The Olin College of Engineering in Needham is holding two engineering camps at MIT this summer for grades 2-6 to raise money for a development work trip to Uganda. One is from July 29 to August 2, and the other is from August 12 to 16. In these camps, kids will learn about engineering of energy systems, building a sustainable city with solar panels, wind turbines, Legos, and more. Interested parents should contact Dr. Abigail Mechtenberg at email@example.com. The cost of each camp is $750 per student, but there are several scholarships available if a family is unable to pay the full fee. The majority of the program fee serves to support Olin students’ development work in Uganda.
MIT offers its Summer HSSP on Sundays from July 7 through August 18 on the MIT campus. It offers students entering 7th grade through first year of college an in-depth look at a variety of both academic and nonacademic subjects (see catalog). Cost is $40, with generous financial aid available. Registration is now open, on a first-come first-served basis, until July 1.
On Sundays during the school year, MIT’s Delve program offers academically motivated students in grades 9-12 a chance to learn exciting academic topics such as Biology, Calculus, Chemistry, Computer Science, Physics, Psychology, and Statistics. The program prepares students to take an AP exam. Classes are four hours on Sunday mornings and early afternoons. Registration is open on a rolling basis until courses are filled. Cost is $250 (plus book deposit and AP exam fee) with generous financial aid available. For more information, email firstname.lastname@example.org.
The Newton North HS Science Team has had a stellar year of competitions and has qualified for two national competitions: one in Florida at the end of June and one in Bozeman, Montana, in August. The team is now preparing to compete and seeking to raise approximately $10,000 to offset the expenses for these trips. Newton community members can help in two ways.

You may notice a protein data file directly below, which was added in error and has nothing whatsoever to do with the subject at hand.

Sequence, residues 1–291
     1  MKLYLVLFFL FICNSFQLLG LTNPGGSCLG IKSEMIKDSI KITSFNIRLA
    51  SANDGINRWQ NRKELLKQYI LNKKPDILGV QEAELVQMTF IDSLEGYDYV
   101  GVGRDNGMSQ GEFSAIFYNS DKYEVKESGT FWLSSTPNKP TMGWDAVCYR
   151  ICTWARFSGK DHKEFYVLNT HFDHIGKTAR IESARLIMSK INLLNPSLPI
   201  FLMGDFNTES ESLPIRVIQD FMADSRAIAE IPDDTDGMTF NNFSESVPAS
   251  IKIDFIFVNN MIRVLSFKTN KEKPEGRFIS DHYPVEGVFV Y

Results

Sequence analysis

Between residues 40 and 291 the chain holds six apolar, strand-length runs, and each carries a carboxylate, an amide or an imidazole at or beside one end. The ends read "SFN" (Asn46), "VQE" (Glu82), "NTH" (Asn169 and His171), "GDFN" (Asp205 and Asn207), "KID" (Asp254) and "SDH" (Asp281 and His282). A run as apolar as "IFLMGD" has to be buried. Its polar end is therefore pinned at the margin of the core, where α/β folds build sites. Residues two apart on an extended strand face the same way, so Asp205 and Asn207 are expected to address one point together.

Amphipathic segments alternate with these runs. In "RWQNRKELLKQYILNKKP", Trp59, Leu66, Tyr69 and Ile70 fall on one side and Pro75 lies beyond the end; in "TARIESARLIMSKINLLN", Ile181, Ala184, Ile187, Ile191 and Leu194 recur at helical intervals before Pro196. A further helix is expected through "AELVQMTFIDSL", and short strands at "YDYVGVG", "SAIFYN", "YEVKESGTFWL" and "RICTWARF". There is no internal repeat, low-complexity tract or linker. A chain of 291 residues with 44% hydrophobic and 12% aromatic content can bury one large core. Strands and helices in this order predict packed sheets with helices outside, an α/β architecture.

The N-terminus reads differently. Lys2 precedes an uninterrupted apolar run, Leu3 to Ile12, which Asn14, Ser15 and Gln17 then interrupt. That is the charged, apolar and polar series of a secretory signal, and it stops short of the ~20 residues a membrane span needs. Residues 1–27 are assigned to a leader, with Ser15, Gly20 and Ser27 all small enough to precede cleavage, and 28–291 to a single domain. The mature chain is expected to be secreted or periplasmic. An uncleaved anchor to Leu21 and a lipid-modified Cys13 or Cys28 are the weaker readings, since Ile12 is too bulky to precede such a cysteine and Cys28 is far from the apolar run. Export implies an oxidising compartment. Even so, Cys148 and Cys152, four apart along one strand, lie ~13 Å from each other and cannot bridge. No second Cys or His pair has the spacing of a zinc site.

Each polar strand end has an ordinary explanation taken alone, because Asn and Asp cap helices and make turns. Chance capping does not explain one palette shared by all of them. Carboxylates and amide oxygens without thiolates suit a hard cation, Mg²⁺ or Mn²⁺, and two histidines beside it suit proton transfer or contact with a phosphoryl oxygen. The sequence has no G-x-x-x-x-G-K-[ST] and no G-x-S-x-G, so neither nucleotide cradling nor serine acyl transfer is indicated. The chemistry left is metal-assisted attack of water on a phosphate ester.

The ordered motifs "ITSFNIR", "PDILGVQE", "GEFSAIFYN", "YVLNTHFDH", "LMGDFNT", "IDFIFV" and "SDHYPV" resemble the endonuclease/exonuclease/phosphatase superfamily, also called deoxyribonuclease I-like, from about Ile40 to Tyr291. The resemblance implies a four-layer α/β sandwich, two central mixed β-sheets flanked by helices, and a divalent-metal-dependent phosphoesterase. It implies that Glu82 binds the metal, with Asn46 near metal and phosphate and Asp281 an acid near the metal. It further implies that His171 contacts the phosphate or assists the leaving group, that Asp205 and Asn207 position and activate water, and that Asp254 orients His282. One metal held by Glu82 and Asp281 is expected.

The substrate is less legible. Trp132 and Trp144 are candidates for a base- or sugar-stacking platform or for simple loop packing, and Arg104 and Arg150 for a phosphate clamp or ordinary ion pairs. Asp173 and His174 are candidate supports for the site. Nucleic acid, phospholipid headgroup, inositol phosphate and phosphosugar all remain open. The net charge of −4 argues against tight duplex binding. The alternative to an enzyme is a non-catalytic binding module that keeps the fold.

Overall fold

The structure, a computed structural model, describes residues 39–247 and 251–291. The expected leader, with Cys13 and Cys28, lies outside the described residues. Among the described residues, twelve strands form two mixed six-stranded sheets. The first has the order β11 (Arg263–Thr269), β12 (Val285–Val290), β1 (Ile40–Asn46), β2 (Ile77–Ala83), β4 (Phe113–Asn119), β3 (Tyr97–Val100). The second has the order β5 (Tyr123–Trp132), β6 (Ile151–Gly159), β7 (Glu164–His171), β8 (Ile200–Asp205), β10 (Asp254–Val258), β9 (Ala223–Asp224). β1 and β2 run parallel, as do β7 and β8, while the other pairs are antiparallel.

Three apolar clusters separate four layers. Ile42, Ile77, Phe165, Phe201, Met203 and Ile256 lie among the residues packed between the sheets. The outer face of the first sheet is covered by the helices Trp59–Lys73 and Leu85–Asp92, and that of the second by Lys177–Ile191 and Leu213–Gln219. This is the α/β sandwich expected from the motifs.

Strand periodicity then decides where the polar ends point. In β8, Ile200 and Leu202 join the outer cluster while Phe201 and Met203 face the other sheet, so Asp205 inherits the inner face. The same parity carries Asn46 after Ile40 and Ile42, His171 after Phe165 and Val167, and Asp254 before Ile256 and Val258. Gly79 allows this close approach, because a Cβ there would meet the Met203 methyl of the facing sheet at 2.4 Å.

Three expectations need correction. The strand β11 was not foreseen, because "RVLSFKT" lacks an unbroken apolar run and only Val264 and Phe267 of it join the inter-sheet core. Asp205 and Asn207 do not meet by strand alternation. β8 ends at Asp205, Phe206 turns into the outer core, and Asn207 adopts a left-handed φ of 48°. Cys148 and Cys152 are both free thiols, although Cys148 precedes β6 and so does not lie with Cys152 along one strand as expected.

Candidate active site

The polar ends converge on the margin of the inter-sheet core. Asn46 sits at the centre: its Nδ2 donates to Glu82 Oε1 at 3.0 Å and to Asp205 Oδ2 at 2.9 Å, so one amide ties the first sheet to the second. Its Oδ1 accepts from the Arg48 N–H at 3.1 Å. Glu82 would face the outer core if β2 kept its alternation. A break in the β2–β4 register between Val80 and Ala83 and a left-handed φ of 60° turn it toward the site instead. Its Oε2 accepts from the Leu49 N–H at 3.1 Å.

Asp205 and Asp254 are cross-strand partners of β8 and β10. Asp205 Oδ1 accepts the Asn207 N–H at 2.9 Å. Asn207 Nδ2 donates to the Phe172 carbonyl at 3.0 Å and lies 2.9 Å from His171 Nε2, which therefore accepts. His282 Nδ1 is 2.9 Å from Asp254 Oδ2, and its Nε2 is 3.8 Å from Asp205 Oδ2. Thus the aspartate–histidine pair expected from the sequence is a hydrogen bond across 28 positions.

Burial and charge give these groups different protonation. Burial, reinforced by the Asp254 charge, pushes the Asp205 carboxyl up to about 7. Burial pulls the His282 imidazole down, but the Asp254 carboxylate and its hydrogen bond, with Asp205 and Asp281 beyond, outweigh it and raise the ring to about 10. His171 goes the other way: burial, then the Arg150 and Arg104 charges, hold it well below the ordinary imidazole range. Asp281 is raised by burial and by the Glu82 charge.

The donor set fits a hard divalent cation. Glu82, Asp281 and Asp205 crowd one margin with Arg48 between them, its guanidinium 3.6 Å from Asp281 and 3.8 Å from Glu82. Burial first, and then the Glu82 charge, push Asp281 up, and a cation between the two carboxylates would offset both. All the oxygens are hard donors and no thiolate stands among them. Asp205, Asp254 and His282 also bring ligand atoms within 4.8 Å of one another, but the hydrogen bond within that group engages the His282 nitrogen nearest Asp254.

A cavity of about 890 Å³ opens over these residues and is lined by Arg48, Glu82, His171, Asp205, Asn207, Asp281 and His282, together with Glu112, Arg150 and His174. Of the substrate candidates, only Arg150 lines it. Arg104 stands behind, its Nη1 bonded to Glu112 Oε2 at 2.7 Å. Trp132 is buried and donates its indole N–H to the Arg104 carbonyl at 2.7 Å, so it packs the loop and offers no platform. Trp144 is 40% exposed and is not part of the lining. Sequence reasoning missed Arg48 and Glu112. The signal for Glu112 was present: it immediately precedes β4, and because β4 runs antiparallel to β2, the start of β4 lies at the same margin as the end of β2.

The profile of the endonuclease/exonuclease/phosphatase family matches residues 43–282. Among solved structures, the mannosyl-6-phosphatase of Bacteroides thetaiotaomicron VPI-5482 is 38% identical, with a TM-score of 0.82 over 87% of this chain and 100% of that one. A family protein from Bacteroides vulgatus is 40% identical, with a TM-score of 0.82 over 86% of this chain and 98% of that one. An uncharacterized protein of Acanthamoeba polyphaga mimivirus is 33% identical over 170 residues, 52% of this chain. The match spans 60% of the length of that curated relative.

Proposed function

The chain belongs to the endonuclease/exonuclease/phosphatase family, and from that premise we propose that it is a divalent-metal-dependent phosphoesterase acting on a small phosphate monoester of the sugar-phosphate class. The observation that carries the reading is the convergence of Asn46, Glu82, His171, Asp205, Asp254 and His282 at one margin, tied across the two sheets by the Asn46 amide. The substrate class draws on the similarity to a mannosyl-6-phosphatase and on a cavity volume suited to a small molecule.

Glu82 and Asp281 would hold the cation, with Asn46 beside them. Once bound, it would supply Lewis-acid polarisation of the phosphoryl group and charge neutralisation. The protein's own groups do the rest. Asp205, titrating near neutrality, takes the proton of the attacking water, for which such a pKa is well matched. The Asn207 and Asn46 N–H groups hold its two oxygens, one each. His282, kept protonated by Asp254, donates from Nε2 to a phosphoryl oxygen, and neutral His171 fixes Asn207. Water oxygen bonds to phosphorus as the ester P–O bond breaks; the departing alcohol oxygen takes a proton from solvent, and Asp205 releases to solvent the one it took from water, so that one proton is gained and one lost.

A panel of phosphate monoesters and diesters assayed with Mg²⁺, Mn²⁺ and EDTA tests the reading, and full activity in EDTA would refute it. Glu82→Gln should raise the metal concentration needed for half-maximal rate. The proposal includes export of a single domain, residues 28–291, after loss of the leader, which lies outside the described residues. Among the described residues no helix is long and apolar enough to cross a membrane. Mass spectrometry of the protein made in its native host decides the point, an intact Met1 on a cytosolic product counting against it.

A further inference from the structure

- Donations can be sent to the NNHS Science Team c/o Amy Winston,
Department Head for Science, NNHS, 457 Walnut Street, Newton, MA 02460.
(Checks can be made out to the “City of Newton” with “NNHS Science Team” in the memo line.)
- Corporate sponsors are being recruited and will be acknowledged on the team’s banners and t-shirts for these competitions as well as through local media after the competitions. Companies and organizations interested in being sponsors should contact Ms. Winston at email@example.com.
The NNHS Envirothon team finished first in a statewide competition last month, coming in first place in all ecostations (Soils, Wildlife, Water, and Forestry) and second place in its Current Issue presentation on the condition of Newton’s ailing urban forest and street trees. In all, the NNHS Science Team participated in seven competitions this year and placed in the top ten in each.
MassBay Community College in Wellesley Hills will offer these 10-day summer STEM programs:
High School: Summer Bridge Program on state-of-the-art engineering, robotics and digital media techniques, for college credit. $100 for two weeks. Contact Prof. Susanne Steiger Escobar at firstname.lastname@example.org.
Middle School (entering Grades 7/8): Future Cities Program in which students participate in class projects that will strengthen Math, Biology, Physics and Chemistry concepts while having fun. $300 for two weeks. Contact Kristen Sutherland at email@example.com or 781-239 2702.
MIT’s BLOSSOMS program offers a free online repository of interactive video lessons for high school STEM classes, based on new teaching and learning styles promoted by the National Research Council’s A Framework for K-12 Science Education. Massachusetts science teachers are invited to learn about these pedagogical methods and help create new lessons in a two-day workshop at MIT in July. Interested teachers should attend one of the informational workshops, of which the closest to Newton is May 28 in Cambridge. To sign up or get more information, email Elizabeth Murray at firstname.lastname@example.org.